The benefits and risks of partnership are on display in the dispute between the French company Group Danone and its Chinese partner, Mr. Zong Qinghou, as outlined in a front-page article in today's Wall Street Journal.
The good news? According to the Journal, Danone was able to expand more quickly than it would have otherwise, and at lower capital expenditures, by using joint-venture partners rather than going it alone. For example, partnering with Mr. Zong in 1996 to grow the Wahaha brand in China allowed Danone to command 23% of the Chinese beverage market by 2006--a larger share than Coca-Cola.
The bad news? They weren't able to control their partner. Allowing Mr. Zong an unusual degree of autonomy and flexibility to enter into side agreements, he created twenty other beverage companies that produced and sold products under the Wahaha brand--without having to share the proceeds with Danone.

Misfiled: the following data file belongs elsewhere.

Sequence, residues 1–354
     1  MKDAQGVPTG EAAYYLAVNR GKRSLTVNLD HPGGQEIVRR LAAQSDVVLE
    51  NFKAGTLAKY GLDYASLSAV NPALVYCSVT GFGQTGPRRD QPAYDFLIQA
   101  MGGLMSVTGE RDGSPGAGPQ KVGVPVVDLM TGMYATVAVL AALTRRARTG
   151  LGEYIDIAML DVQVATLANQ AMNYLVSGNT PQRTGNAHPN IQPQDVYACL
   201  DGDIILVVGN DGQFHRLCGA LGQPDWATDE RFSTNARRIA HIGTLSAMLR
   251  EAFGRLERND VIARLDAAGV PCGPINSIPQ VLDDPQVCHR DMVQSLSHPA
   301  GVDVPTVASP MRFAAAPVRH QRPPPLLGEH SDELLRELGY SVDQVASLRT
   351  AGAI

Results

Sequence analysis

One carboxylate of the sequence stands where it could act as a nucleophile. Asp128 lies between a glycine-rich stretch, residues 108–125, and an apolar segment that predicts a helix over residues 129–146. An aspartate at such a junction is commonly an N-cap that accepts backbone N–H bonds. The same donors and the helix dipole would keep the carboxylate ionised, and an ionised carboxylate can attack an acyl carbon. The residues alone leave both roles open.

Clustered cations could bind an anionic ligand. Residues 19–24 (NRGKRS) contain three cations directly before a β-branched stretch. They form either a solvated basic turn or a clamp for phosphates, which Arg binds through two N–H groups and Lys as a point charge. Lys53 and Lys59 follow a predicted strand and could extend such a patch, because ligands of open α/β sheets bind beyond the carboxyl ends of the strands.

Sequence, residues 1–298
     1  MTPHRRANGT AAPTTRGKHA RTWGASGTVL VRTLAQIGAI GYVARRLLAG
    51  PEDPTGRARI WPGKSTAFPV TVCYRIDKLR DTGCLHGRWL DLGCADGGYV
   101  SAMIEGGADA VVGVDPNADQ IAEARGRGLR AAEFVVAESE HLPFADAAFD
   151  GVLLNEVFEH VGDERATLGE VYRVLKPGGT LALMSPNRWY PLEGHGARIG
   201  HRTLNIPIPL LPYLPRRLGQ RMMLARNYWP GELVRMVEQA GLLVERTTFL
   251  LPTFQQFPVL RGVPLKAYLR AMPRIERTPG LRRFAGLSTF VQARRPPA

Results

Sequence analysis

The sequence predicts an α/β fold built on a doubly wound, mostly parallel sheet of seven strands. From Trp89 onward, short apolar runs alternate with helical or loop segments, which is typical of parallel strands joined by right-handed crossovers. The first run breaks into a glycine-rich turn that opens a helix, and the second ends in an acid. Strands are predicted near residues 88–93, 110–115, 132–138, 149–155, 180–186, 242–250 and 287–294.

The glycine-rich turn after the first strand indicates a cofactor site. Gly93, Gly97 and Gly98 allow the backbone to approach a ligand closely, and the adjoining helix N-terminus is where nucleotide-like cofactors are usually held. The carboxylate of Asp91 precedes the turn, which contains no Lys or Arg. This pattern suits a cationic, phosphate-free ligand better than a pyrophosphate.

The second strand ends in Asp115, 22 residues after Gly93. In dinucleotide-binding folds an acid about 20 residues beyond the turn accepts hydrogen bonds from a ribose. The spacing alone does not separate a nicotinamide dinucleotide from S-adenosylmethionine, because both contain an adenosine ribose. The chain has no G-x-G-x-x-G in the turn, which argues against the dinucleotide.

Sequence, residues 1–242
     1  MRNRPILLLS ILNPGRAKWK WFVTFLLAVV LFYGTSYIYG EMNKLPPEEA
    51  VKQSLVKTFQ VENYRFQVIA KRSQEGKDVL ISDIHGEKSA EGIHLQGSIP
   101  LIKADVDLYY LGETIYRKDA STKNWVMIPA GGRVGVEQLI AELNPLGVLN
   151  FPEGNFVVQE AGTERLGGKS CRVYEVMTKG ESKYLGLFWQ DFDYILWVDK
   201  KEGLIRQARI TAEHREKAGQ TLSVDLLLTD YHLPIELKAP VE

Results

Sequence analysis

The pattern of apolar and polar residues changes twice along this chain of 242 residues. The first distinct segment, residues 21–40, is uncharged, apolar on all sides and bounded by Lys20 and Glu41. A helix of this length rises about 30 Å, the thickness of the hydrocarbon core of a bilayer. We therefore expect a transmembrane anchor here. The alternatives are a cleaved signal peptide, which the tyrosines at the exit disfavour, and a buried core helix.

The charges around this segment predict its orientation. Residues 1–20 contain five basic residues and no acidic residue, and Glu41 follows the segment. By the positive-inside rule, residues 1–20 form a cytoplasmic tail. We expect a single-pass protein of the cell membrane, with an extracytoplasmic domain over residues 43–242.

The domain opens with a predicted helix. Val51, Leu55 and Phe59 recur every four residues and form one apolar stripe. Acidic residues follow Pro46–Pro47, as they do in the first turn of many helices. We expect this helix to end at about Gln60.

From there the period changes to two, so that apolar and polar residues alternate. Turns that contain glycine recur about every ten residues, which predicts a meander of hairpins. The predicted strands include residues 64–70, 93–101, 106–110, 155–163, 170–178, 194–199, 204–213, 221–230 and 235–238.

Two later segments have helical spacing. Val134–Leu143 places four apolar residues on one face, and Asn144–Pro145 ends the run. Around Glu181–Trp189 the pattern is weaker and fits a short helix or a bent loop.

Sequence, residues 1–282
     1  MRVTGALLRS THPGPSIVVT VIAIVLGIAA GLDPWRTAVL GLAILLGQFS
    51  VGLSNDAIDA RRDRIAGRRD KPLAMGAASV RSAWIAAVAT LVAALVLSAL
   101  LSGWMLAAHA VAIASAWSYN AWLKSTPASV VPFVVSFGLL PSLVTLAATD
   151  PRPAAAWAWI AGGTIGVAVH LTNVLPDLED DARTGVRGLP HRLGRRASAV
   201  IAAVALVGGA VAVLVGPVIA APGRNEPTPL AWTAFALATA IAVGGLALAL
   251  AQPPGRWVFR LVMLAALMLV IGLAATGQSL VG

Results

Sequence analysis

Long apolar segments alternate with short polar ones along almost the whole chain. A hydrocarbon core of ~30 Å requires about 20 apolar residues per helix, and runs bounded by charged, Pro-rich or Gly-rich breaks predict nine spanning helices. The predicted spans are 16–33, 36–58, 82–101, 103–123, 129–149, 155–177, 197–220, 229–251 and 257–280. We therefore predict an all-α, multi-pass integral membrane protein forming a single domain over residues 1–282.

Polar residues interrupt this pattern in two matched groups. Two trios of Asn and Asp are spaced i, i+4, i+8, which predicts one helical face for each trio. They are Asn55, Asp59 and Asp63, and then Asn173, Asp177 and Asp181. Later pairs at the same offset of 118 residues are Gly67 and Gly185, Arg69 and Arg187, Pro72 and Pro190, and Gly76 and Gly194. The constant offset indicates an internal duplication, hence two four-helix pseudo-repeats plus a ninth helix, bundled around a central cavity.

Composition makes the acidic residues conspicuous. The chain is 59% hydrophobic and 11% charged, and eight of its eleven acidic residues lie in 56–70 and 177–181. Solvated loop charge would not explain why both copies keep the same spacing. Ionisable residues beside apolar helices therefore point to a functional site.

So, did Danone make a mistake entering into this type of arrangement in the first place? No, they say:
Laurent Sacchi, Danone spokesman, said it needed to use joint ventures because it lacked the management depth and size to grow quickly, particularly in fast-growing emerging markets. "If we now have 30% of our sales in emerging markets and we built this in only 10 years, it's thanks to this specific tactic," he says. "We have problems with Wahaha. But we prefer to have problems with Wahaha now to not having had Wahaha at all for the last 10 years."
Doing it with a partner = fast, cheaper, much less control
Pick your poison.
Voice-to-Screen messaging - powered by SpinVox(Photo: Future Cola by Wahaha)
alliances business development marketing Wall Street Journal